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Why a Quick-Loading Website is a Must

We live in a world in which our needs are expected to be met at an ever increasing rate – people want information, products, and services faster and faster, and if those needs aren’t met quickly enough, you risk losing business.

So, let’s take a look at how you can optimise your website for a quick loading time, and avoid losing customers.

Minimise HTTP requests

HTTP requests can really slow things down, taking around 80% of a web page’s load time. With your browser only taking requests between 4-8 simultaneous connections per domain, you’re going to need to minimise as much as possible without losing quality. Every file, page, and image fetched by your browser from a web server is counted as a HTTP request, increasing load time with each.

There are ways in which you can decrease your HTTP requests without compromising your web page’s design too much. These include: combining your CSS or Javascript files into one big file, using conditional statements to load images and scripts on mobile to avoid loading them unnecessarily on other devices, generally reducing the amount of images on your web page, and using a sprite sheet to combine regularly used images.

Utilise CDNs and remove unused scripts/files

Using a CDN (content delivery network) will allow you to deliver your content via a more efficient means as it will go out via a collection of web servers spread over multiple locations, chosen by their proximity to your users. This is a great way to deliver static content, and files that once uploaded, need not be touched. You could have your own CDN, or you could go with a provider like EdgeCast or level3. Smaller companies may find it more affordable using something like CNDjs.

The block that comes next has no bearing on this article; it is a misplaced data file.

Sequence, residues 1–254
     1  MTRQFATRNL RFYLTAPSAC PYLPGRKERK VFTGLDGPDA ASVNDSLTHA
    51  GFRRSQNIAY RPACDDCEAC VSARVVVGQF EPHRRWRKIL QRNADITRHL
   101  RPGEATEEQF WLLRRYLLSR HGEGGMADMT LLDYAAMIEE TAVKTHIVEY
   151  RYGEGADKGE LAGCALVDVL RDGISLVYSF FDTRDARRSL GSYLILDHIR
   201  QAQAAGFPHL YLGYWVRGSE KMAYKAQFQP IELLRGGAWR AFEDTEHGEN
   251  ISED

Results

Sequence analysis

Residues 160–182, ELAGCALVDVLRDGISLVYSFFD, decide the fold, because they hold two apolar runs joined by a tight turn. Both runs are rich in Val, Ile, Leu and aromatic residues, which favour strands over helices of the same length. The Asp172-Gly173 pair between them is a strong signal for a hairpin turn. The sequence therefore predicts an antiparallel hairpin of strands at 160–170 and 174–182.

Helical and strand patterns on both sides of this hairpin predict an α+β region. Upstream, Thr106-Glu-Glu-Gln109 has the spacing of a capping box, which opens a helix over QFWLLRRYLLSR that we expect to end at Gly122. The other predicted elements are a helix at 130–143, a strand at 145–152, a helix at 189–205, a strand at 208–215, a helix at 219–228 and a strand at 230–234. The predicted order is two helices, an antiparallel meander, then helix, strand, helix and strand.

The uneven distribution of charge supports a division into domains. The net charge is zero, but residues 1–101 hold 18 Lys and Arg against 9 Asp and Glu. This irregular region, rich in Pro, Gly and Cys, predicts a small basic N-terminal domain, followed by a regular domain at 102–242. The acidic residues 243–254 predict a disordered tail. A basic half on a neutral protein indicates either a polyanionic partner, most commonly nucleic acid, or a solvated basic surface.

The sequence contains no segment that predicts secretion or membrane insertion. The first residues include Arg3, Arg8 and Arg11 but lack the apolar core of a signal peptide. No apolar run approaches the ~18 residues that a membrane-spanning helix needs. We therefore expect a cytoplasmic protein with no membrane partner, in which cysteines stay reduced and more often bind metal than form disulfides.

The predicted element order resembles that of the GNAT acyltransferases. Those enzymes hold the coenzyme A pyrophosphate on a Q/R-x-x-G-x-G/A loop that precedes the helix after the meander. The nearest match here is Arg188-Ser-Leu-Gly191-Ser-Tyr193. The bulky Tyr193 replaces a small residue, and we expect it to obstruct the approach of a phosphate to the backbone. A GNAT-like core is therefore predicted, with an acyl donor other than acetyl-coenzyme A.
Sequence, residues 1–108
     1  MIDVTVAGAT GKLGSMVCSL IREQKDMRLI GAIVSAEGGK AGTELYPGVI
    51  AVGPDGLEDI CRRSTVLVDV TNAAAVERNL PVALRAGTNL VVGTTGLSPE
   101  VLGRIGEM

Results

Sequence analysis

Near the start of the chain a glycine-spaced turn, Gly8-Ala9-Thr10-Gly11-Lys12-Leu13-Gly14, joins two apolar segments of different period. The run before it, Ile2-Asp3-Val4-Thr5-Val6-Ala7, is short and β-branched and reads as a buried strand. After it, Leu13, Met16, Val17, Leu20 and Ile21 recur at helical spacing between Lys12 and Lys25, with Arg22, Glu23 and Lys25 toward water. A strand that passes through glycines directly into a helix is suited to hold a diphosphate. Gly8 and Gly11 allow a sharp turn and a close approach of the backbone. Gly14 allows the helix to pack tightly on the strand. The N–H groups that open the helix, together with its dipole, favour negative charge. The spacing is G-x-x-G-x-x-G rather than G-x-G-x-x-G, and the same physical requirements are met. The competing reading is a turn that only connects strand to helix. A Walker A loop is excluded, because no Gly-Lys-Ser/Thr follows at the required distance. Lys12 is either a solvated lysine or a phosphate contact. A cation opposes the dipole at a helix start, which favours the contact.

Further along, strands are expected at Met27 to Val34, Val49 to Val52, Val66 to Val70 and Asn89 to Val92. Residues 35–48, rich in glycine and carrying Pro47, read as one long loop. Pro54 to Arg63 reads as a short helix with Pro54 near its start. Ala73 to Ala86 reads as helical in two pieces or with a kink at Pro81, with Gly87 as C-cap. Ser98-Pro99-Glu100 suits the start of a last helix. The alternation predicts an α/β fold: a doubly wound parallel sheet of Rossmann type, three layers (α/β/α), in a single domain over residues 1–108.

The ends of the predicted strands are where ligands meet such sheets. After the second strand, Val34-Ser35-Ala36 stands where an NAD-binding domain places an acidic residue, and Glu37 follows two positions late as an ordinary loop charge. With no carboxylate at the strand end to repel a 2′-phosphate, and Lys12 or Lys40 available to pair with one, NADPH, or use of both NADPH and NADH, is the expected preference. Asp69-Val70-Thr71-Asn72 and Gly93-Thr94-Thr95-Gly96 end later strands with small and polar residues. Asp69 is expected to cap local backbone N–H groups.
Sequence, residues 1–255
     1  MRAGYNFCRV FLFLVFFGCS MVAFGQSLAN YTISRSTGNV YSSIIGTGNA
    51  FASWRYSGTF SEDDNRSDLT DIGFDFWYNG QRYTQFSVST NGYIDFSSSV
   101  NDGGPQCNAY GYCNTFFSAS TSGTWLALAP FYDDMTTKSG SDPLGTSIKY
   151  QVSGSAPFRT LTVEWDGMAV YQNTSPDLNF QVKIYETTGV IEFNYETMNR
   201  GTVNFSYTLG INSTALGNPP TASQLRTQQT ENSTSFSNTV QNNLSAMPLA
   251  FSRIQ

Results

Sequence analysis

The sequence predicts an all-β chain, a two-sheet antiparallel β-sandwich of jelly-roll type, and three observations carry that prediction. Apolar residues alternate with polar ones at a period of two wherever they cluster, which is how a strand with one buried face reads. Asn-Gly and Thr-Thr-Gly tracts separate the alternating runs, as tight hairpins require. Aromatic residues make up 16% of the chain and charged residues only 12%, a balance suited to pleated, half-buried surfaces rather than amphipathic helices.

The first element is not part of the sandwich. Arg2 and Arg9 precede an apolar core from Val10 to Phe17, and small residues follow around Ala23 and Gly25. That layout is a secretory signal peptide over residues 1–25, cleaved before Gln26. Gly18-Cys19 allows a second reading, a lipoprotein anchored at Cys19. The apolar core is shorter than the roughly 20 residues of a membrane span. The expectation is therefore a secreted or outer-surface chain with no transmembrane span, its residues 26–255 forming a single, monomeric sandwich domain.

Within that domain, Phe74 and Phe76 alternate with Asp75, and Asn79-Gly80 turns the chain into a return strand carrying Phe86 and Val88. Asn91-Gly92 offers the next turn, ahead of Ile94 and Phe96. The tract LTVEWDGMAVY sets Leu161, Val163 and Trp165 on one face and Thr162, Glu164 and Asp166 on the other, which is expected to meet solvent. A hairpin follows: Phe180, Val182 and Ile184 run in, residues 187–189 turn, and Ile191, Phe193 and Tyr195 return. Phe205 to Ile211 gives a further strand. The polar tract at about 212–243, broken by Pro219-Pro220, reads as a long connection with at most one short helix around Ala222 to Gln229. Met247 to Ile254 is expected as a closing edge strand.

Browser caching

Browser caching enables files to be stored locally by allowing the download of assets from your website to go to your hard drive. This will mean subsequent web pages will load quicker, and your users are more likely to stick with your website. The type of assets cached will vary in how long they stay as such. Some assets, like widgets and advertisements, will only stay cached for a day, where as others can last up to a week, and some up to a year.

Compress images and optimise files

Take a look at the images you currently have on your website and have a think about how many are definitely needed. When we tell you that 60% of average bytes loaded per page are used up by images, you may not look at all those images quite as frivolously! Removing unnecessary images will lower your HTTP requests sent, including anything that you can replicate using CSS. You should ensure each of your images is optimised for web, and ensure your they stay below 150KB, below 1920px width-ways, and at 72dpi. We also recommend using the right file extensions: SVG for vector images, JPG for photographs, and PNG for images that require a transparent background.

With these tips, your website should soon start picking up speed. If you would like a professional to have a look for you, please don’t hesitate to get in touch via the contact form below, and we can get your website working faster.

Posted by
Josh Bolland Profile
Founder & CEO
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